Monthly Archives: July 2017

  • Building Community

    The world is made up of millions of communities. Each community is like a bubble in that they can cling together forming something larger or join and merge to create one larger bubble. Communities can be tiny or giant.  There can even be communities within communities.

    Let’s look at Ravelry as an example. Ravelry is one big community but it is made up of many other communities. Some of the communities within can be defined as knitters or crocheters. Maybe there is even a community made up of people who knit AND crochet.  There are communities of designers, pattern testers, and tech editors. There are communities of dyers, bag makers, podcasters or fans of podcasts.  There are so many ways to separate and identify communities and, at the same time, even more ways to overlap and combine them.

    A knitting venn diagram!

    Over the last decade, it has become more and more apparent to me that, as individuals, we have the most influence on our own communities.  For example, I can make a difference in my children’s school or by helping with service projects in my city. My vote in local elections carries far more weight than voting in national elections (though I do that, too).  Bringing this back to fiber (because that is why we are all here), I can support fiber arts locally and on the whole. I can buy from my LYS, participate in online discussions, share knowledge with others in local meet ups or by participating in my local knitting guild. I make a conscious effort to support my local fiber festival every year to help ensure vendors return and that the the festival grows. Those are examples of my local communities, but I can also support groups on Ravelry, or independently owned fiber related businesses that are a part of my larger fiber community.

    Creating FiberCrafty has helped me to combine my love of community and my passion for the fiber arts, as well as draw on the skills that I developed in the corporate world. After spending so much time working for a large corporation, I realized how strong my desire was to support my passion and make a difference for independent businesses. As a part of the fiber crafting community, FiberCrafty allows me to provide a channel for indie businesses to build their businesses.  As an added bonus, many times these are women-owned business and give me a way to support them, that I might not otherwise have.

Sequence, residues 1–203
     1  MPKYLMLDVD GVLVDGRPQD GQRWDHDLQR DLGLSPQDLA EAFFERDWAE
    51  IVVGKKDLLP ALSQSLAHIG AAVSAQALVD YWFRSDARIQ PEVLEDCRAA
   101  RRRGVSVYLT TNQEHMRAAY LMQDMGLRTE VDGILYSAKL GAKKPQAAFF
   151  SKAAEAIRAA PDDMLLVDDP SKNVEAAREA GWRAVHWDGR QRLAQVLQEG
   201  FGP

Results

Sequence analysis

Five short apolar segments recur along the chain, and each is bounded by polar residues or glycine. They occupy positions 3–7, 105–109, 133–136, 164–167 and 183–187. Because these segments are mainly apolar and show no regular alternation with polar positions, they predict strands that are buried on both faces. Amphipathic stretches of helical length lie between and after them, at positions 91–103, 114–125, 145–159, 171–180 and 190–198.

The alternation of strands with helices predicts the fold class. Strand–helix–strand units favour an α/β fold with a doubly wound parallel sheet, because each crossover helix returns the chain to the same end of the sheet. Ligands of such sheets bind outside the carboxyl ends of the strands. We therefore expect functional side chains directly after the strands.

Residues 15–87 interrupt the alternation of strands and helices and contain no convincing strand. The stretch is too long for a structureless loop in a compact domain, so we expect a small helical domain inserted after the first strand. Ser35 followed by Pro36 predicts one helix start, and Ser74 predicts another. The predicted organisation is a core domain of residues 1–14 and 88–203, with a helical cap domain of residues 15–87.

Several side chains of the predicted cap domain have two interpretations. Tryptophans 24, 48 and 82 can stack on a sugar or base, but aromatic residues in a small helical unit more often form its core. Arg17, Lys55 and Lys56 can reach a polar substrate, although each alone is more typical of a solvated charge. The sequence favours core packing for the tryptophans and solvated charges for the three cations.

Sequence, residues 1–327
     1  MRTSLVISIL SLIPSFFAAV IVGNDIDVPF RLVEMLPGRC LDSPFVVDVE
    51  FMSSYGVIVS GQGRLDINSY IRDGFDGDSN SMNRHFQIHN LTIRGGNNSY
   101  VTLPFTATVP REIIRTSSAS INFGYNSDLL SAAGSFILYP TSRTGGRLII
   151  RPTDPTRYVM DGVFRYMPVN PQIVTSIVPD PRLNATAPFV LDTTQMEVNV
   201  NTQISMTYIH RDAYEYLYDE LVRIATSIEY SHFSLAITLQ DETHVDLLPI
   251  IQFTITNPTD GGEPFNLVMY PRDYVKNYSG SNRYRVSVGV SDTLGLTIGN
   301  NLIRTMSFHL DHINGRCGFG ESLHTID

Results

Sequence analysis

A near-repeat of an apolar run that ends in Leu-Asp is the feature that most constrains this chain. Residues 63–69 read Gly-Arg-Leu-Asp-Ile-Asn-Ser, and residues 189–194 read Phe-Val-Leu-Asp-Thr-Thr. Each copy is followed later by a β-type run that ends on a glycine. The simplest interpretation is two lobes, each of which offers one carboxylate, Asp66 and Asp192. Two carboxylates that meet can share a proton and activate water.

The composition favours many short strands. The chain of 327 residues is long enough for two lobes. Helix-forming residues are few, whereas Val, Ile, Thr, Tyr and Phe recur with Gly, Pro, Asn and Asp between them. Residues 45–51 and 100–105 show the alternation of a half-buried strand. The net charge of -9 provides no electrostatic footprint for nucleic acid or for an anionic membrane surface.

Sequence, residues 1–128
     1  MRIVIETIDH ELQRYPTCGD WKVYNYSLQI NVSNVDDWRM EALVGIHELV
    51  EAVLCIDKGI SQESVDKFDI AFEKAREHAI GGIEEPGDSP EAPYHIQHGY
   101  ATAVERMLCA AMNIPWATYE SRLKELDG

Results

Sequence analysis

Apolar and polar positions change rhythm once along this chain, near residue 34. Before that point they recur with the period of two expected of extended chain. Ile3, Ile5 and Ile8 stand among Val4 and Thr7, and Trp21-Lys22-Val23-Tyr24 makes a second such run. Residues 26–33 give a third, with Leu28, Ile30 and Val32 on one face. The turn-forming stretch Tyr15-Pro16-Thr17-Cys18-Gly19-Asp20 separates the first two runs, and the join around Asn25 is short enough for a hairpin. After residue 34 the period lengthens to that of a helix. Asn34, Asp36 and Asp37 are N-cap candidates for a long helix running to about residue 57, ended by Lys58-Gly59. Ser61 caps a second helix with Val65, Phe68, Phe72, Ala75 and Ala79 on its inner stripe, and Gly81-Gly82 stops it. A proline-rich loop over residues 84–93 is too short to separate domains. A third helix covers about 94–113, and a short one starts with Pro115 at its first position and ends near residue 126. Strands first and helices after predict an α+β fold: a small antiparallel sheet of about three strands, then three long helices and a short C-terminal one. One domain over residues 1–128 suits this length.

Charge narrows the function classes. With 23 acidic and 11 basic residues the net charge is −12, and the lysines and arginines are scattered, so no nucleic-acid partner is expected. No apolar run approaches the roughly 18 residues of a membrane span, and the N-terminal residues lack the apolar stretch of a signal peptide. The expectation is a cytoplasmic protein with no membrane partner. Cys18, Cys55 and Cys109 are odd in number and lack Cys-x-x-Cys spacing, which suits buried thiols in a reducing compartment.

Ultimately, FiberCrafty becomes it’s own community with business owners and customers. Together we help raise awareness of different businesses, different products, different types of fibers, we can even share patterns, tips and other resources. I look forward to the day when the FiberCrafty community can help give back through micro donations that add up, or charity craft-alongs.

    What communities are you a part of and passionate about? What role does community play in your life?

  • Learning About Rug Yarn

    When I started down the path of FiberCrafty, I considered myself pretty educated in the fiber world. But as shops started adding products to FiberCrafty, I began seeing things I wasn’t familiar with. Turns out I was pretty educated in my own little corner of the fiber world but not in the fiber world at large.  

    Knitted rug by Julie from

    Rug yarn made appearances in the Brigadoon Fiber Farm and shops and sparked my curiosity. Then it showed up again in the Wynham Farms with GotMyGoat shop.  I guessed that since I didn’t know much about it, there were others in the same boat. So I started asking questions to see what I could learn.

    It seems obvious, right? Its RUG yarn. But what does that mean?  It means it is really ideal for sturdy, heavy duty projects like rugs (told you!), pillow coverings, large blankets, poufs (you have probably seen those knitted floor cushions or foot rests), totes or baskets. It uses much larger needles or hooks or can also be woven.

    Crocheted pouf by Kathy at Wynham Farms

    Julie of provided a really great description.

    “Rug yarns are spun around a cotton or jute core and they are considered "core spun" which means that the fibers are literally wrapped around the core and not traditionally plied. Because of that, the fibers don't have to be uniform in length or micron and that's why a lot of growers use their lower grade fibers for rug yarn. They can be spun with a variety of fibers and the mill I use likes to add a little bit of merino to my alpaca to help hold the slippery fibers in place. The rug yarns that I have aren't suitable to be worn next to the skin. They make wonderfully durable yet soft and comfortable mats and rugs, table runners, baskets and purses. I've knitted it, crocheted it and woven it. If knitting or crocheting you need a pretty big needle...18-50 needles and a "P" hook I think is what I used.”

    Core spun yarns can vary from next to skin and delicate to coarse and rugged and not all core spun yarns are rug yarns. When using rug yarn it is so much bulkier that a 2’x3’ rug might use around 100 yards.  Items made with rug yarn can often be considered easy care and may be vacuumed or shaken or maybe even hosed off.  Kathy, of Wynham Farms with GotMyGoat cautions that it can be harder on your hands and wrists since it is bulky and heavier than mill or handspun yarn.

    Rug being woven by Julie from

    It sounds like a very versatile product that opens new doors for creating things!  I would love to make a small poof to use as a footrest under my desk. If you have ever used rug yarn, what did you make with it? Share pictures in the Facebook Group or on Instagram! If you have never used it, does this give you some ideas? Let us know what you would make!

    Knitted rug by Kathy at Wynham Farms

2 Item(s)